jinn

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jin·ni

or jin·nee also djin·ni  (jĭn′ē, jĭ-nē′)
n. pl. jinn also djinn (jĭn)
In the Koran and Muslim tradition, a spirit often capable of assuming human or animal form and exercising supernatural influence over people.

[Arabic jinnī, demonic, demon, from jinn, demons, from janna, to cover, conceal; see gnn in Semitic roots.]
Usage Note: According to the Koran, humans share this world with another race of mortal beings, the jinn, that God created from pure, smokeless fire and endowed with supernatural powers. In Arabic, the noun jinn designates these beings as a group. An adjective jinnī, "belonging to the jinn," can be made from jinn by the addition of the suffix -ī. Jinnī can then itself be used as a noun with the sense "one belonging to the jinn, a jinni." In this way, the usual word for a single male member of the jinn is jinnī, while a single female is called a jinnīya, using the feminine form of jinnī. (This way of making singulars from nouns denoting groups is common in Arabic—the noun 'arab means "the Arabs, the Arab people," and its derivative 'arabī means "Arabic" and "an Arab.") Following Arabic usage, some writers in English use the English noun jinn only as a plural, to designate the group: These jinn are kindly, while those jinn are malevolent. The English noun jinni then fills the role of a singular for this noun: He met a kindly jinni in the desert. However, other writers in English take jinn as a singular noun designating a single member of the jinn race: He met a kindly jinn in the desert. These writers may then use the uninflected plural jinn, as in These jinn are kindly, and some even use a regularly formed English plural jinns, as in Those jinns are harmful.
American Heritage® Dictionary of the English Language, Fifth Edition. Copyright © 2016 by Houghton Mifflin Harcourt Publishing Company. Published by Houghton Mifflin Harcourt Publishing Company. All rights reserved.

jinn

(dʒɪn)
n
(Islam) (often functioning as singular) the plural of jinni
Collins English Dictionary – Complete and Unabridged, 12th Edition 2014 © HarperCollins Publishers 1991, 1994, 1998, 2000, 2003, 2006, 2007, 2009, 2011, 2014

jinn

(dʒɪn)

also jin•ni

(dʒɪˈni, ˈdʒɪn i)

n., pl. jinns also jin•nis, (esp. collectively) jinn also jin•ni.
(in Islamic myth) any of a class of spirits, lower than the angels, capable of appearing in human and animal forms and influencing humankind.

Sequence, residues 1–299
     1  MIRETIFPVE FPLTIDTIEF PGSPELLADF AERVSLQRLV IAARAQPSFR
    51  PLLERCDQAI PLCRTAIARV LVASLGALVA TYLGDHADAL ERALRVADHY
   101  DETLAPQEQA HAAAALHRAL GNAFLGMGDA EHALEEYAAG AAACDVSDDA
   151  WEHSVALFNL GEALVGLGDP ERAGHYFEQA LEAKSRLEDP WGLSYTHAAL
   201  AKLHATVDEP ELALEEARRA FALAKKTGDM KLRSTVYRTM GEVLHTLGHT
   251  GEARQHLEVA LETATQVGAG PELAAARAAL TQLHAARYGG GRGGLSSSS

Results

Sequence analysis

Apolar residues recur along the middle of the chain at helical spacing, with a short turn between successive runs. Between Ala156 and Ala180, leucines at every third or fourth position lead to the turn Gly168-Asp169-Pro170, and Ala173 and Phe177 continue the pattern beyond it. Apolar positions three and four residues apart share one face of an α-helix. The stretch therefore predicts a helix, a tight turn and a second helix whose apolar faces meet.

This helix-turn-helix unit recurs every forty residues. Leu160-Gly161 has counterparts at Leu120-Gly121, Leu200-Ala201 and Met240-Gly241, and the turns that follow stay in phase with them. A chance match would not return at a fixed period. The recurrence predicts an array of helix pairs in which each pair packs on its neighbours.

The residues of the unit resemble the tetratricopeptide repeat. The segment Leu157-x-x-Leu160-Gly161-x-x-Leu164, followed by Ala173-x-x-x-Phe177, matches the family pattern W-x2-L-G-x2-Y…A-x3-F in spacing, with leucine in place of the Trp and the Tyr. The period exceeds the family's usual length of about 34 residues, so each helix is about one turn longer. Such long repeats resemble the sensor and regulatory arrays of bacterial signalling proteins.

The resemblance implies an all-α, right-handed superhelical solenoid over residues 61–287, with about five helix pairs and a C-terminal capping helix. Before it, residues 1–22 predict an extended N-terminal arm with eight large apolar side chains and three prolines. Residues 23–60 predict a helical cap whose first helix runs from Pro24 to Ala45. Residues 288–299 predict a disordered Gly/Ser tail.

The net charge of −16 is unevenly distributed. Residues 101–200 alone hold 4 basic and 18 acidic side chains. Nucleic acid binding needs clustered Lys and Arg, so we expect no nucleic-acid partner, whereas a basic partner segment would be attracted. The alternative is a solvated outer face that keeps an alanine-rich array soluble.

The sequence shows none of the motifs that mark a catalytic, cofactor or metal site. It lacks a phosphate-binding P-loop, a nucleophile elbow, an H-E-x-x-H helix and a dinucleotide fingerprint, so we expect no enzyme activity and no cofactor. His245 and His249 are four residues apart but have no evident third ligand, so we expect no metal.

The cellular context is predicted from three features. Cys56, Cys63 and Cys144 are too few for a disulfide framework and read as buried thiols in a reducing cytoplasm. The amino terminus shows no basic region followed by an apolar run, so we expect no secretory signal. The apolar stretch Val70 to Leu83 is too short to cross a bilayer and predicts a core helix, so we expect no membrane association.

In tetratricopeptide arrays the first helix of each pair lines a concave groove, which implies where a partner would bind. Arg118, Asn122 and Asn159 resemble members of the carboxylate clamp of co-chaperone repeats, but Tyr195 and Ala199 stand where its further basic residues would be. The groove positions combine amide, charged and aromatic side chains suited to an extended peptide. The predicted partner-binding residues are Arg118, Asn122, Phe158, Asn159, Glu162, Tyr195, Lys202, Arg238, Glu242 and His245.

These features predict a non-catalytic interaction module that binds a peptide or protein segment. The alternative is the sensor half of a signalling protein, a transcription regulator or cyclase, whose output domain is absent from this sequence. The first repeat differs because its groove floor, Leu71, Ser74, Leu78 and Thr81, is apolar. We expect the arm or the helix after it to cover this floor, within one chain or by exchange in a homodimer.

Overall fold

[1675–85; pl. of Arabic jinnī demon]
Random House Kernerman Webster's College Dictionary, © 2010 K Dictionaries Ltd. Copyright 2005, 1997, 1991 by Random House, Inc. All rights reserved.

jinn

An Arab name for a spirit.
Dictionary of Unfamiliar Words by Diagram Group Copyright © 2008 by Diagram Visual Information Limited
Translations

jinn

nDschinn m
Collins German Dictionary – Complete and Unabridged 7th Edition 2005. © William Collins Sons & Co. Ltd. 1980 © HarperCollins Publishers 1991, 1997, 1999, 2004, 2005, 2007
References in periodicals archive ?
With his newfound wealth and the power of the jinnis who inhabit the ring and the lantern, Aladdin is able to win her hand and build a great palace.
Once this desert was green with forests, and its capital was called the City of Jinnis. Jinnis are spirits of the forest, living in trees though able to move freely in many forms.
"It would be impossible in this space to do justice to Wecker's humongous research into golems and jinnis and what lower Manhattan was like before World War I, but, suffice it to say, she has done her homework.
The Arabic folklore has jinnis (spirits) and flying carpets, magic rings and the likes but it is combined in a modern, fresh way with my own 'crazy' imagination.
He takes his battles, his son Garba Gagare on his side, even into the surreal world of ghosts and Jinnis. But the central concern of this work, especially as it relates to this study, is Gandoki's attitude to Europeans.